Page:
I watched the final season of Poirot and was a bit disappointed. I think it must have been different writers from the previous twelve seasons, because the plots were not as complex, there were not as many characters, not as many subplots. Just disappointing all around, even with the return of Japp and Hastings, and Ariadne Oliver. I did think Hastings was great in the last episode, though. Its worth it for the longterm fans, I think, but would be a very bad place for a new viewer to start. If I was a new viewer, I think I'd start with season 9, Death on the Nile, and work my way backwards and forwards, leaving season 13 for last.

I'll try to do some more when I get a chance. I want to talk about Touching Evil but I wanted to rewatch it first, and now I can't find it anywhere. And I'm waiting for Sleepy Hollow and Elementary to start back up again.
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Published on September 11, 2014 09:18 • 14 views

September 10, 2014

The iBooks glitch is fixed and Stories of the Raksura I is finally showing up as available. It looks like they didn't lose the preorders, either. That's a big relief!

It's here: itunes.apple.com/us/artist/martha-wells/id364545521?mt=11. Ignore the two single-novella versions, those aren't supposed to be there and won't do anything. The real one has the actual cover and is listed as Stories of the Raksura Volume I: The Falling World & The Tale of Indigo and Cloud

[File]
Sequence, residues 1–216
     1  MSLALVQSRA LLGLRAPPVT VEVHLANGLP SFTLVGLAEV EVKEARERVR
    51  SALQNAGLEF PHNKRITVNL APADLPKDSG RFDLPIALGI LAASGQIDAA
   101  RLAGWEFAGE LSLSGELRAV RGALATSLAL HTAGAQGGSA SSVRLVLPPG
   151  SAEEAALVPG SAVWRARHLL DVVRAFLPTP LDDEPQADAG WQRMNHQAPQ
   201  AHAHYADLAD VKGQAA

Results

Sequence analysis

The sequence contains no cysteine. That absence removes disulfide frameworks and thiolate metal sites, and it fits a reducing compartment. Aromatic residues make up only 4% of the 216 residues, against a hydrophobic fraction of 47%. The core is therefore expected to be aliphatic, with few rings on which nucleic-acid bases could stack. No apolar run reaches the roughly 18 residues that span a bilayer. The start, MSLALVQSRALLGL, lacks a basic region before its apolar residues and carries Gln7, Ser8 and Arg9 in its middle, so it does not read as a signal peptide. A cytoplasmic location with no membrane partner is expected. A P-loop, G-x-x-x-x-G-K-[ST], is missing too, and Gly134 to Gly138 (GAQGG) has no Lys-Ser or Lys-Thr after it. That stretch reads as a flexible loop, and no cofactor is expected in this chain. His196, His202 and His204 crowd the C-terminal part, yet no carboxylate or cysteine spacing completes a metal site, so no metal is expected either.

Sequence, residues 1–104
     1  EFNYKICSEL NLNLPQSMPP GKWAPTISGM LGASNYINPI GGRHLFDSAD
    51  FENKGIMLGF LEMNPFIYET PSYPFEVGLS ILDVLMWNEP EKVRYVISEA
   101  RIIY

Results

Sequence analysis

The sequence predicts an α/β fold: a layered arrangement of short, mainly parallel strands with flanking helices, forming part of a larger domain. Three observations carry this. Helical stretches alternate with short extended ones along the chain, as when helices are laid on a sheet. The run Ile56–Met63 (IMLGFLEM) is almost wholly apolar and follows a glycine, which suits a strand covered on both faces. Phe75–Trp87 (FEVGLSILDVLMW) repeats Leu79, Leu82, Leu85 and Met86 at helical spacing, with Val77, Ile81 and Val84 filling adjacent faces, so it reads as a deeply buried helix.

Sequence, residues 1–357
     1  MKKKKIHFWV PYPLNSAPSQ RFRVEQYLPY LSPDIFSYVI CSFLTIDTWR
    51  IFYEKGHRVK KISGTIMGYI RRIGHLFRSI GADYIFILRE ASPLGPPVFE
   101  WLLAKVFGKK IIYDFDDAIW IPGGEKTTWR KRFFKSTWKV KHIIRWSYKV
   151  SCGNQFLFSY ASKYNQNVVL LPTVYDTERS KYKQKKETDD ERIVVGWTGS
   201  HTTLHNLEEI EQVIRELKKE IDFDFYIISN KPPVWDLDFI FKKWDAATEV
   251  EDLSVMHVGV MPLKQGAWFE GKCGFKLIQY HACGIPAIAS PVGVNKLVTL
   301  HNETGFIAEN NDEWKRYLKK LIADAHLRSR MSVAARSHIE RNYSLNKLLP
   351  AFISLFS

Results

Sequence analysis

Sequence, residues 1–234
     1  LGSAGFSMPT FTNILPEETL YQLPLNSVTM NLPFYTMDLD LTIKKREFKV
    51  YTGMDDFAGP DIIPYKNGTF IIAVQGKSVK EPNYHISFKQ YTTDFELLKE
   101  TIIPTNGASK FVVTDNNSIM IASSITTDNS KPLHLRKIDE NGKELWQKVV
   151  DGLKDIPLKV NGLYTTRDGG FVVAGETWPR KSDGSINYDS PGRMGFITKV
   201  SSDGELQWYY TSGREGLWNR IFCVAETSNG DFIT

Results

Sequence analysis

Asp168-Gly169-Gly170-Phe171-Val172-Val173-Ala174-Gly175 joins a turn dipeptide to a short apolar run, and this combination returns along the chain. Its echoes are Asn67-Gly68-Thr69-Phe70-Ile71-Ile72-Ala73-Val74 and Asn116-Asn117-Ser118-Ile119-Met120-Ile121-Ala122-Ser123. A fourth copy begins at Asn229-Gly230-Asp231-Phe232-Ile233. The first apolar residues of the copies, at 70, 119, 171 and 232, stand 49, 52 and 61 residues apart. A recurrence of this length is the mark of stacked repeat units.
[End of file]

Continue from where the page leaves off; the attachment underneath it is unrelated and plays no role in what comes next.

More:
I guess this is release day #2. We're still waiting for release #3, the trade paperback. Which I still hope will be next week.
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Published on September 10, 2014 12:33 • 26 views

September 8, 2014

* We went to see Chef on Saturday night, and really loved it. There's a lot in there that will apply to any creative artistic fields, and it shows food as an art form, a hard demanding job, and a way to make people happy. It's a bit slow at the beginning, as he's working up to his fall and his realization that he is really unhappy and needs a drastic change. But once they get to Miami it's a huge amount of fun. And I really wanted Cuban sandwiches afterward and I think the closest non-home-cooked ones are in Houston. Scarlett Johansson is in it, and Robert Downey Jr had a hilarious cameo. (We watched to the end of the credits, hoping there would be a scene with Samuel L. Jackson as Nick Fury, eating a Cuban sandwich.)

* Today is Literacy Day, a good day to do some reading, or read to someone.

* I dreamed last night that my dog hadn't died but was just living with friends for some reason. They brought him to visit and I decided to keep him. One of those dreams where you wake up happy and then remember it was a dream and is not actually going to happen. I have recurring dreams like this off and on, but I think this one was sparked by friends online who lost animals this weekend. Very depressing.